Colds, Flus, and Much Worse
In an article about health problems in school, we discussed how children can touch an insane amount of surfaces in a short period of time. Unfortunately, that doesn’t let up much by the time we reach adulthood. A working adult can touch as many as 30 objects in the space of 60 seconds. It’s been suggested that most keyboards, desks, and office chairs have more germs on them than the average toilet seat. Desktops contain 21,000 germs per square inch. Phones, as well, which we often press to our face. Gross, right? Viruses and bacteria of all kinds find their way around the office at breakneck speed, leading to a highly increased risk for the common cold, the flu, and many more illnesses.
Luckily, you should be able to maintain your good health by keeping things sanitary. Disinfectant wipes are your best friend around the office, and do a great job of keeping surfaces clean. If you’re concerned about wiping down your computer and keyboard, you shouldn’t be. Disinfectant wipes shouldn’t be wet enough to cause any issues, but you should take the precaution of shutting the computer down. Of course, cough caves and blocked sneezes are important, too. By keeping germs out of the air, you keep them out of the bodies of your coworkers. You should also do your part by washing your hands, or using hand sanitizer, often. If the company you work for doesn’t provide the ability to keep things clean, work with your officemates to find the supplies. You should put pressure on the company to help, though, especially if you’re in the sort of work environment where sick days are for relaxation and not colds. The best way to prevent office sickness is to stop people who are sick from showing up in the first place, meaning they should feel comfortable in knowing they can take time off for the cold without having to miss their child’s birthday party.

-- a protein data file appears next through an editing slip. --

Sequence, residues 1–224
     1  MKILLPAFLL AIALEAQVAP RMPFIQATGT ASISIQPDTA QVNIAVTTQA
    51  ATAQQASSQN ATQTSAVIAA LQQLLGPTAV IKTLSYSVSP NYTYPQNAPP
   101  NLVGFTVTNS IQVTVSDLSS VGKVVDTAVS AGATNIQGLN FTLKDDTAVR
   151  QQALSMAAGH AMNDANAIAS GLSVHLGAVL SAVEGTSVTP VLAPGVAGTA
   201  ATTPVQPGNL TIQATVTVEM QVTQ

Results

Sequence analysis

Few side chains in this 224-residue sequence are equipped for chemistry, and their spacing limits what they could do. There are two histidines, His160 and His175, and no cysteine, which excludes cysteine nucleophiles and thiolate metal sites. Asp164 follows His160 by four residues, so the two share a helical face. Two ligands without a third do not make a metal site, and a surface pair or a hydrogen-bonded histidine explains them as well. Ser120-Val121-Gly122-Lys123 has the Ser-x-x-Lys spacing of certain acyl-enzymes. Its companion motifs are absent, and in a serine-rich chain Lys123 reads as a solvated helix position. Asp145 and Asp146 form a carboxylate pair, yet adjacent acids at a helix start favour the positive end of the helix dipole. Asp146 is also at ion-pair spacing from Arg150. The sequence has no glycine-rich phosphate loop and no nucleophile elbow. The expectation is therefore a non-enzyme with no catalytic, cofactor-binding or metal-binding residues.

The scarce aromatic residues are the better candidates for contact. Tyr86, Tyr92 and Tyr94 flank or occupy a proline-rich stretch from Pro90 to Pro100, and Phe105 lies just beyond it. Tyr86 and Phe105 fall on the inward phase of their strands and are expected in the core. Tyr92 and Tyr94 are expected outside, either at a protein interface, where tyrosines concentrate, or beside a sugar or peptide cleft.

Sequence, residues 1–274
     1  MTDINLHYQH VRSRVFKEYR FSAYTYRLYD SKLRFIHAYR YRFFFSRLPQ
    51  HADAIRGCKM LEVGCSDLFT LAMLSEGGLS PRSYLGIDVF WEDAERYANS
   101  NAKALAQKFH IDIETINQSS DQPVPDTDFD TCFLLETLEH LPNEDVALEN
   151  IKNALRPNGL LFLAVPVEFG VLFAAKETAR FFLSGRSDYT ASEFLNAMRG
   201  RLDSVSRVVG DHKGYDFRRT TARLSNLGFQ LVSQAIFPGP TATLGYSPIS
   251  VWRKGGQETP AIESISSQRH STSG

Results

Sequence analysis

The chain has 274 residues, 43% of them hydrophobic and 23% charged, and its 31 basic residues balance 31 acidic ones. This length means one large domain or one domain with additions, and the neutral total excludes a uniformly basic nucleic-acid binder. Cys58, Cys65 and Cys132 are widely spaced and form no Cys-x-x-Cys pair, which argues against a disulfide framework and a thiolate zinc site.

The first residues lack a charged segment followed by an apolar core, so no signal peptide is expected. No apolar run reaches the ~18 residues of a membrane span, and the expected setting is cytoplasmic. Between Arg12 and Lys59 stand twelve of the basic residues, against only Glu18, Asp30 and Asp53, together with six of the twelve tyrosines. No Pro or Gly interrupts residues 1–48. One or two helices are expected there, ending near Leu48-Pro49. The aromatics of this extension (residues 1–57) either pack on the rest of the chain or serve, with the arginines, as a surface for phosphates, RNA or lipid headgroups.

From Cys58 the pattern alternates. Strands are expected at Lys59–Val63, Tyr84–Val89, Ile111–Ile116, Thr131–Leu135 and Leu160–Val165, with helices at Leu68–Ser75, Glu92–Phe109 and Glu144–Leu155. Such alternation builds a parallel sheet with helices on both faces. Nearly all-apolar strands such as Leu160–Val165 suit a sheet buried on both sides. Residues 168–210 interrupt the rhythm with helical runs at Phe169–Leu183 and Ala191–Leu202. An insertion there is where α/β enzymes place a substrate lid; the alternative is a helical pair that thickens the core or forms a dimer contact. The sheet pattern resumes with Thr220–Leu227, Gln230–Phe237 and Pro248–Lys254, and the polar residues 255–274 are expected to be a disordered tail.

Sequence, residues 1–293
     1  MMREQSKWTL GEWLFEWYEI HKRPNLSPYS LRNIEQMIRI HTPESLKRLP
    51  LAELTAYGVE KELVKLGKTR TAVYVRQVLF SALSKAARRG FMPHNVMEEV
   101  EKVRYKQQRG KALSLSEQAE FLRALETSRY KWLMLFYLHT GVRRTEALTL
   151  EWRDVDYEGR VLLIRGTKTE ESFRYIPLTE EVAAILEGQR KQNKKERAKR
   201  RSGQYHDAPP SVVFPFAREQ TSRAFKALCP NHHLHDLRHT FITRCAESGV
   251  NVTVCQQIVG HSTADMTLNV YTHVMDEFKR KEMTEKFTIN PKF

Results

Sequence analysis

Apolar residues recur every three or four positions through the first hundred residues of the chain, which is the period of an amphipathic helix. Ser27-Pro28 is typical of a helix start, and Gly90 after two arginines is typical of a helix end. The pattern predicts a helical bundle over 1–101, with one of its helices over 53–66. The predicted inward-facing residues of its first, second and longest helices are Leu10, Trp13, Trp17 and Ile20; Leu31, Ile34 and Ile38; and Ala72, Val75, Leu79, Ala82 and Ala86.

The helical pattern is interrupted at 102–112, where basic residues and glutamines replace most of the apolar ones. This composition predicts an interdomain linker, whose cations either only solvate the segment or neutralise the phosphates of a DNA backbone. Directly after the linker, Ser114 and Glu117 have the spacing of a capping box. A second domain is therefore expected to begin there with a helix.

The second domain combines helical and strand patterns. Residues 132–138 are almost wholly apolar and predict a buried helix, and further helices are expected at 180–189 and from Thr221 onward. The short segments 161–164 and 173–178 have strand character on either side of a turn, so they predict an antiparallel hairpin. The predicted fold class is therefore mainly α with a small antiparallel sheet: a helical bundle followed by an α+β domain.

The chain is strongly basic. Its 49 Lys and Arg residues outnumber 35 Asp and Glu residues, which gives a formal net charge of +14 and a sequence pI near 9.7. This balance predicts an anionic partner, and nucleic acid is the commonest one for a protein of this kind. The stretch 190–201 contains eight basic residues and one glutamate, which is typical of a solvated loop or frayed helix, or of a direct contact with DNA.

And, Of Course, Slipping and Falling
One of the most overlooked office hazards is this: clutter. With objects all over the place, there’s a lot of opportunity for falling, whether it be tripping over an object, or an object falling. It’s hard to avoid either of these things, but you do need to be cautious. Falling objects can lead to cuts, which are negligible, but can be so bad as to cause a concussion. Falling over objects will often have small consequences, as well: embarrassment is also guaranteed, maybe a bruise, or a scrape. Particularly bad falls might cause ankle sprains, bone breakage, or muscle pulling. There are small things you can do to avoid toppling over, though. Keep items out of the way where people walk, keep sharp items in drawers, don’t open several drawers at a time as it can cause your desk or a cabinet to fall. Don’t stack heavy items. And, finally, keep chords wrapped up.
Offices are much more dangerous than they seem. Be aware of the problems they can cause, and you’ll be okay. Remember to take sick days when you need to, and to keep things organized. Get up and move, and eat well. That’s all you need to get through the work week okay.